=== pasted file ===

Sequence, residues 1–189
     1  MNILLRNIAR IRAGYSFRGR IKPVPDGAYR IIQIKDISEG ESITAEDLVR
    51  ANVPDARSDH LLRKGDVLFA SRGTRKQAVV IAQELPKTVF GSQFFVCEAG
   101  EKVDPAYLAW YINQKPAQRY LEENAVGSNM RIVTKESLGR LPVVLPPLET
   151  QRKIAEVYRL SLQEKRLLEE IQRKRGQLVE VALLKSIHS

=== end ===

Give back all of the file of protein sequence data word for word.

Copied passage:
Sequence, residues 1–189
     1  MNILLRNIAR IRAGYSFRGR IKPVPDGAYR IIQIKDISEG ESITAEDLVR
    51  ANVPDARSDH LLRKGDVLFA SRGTRKQAVV IAQELPKTVF GSQFFVCEAG
   101  EKVDPAYLAW YINQKPAQRY LEENAVGSNM RIVTKESLGR LPVVLPPLET
   151  QRKIAEVYRL SLQEKRLLEE IQRKRGQLVE VALLKSIHS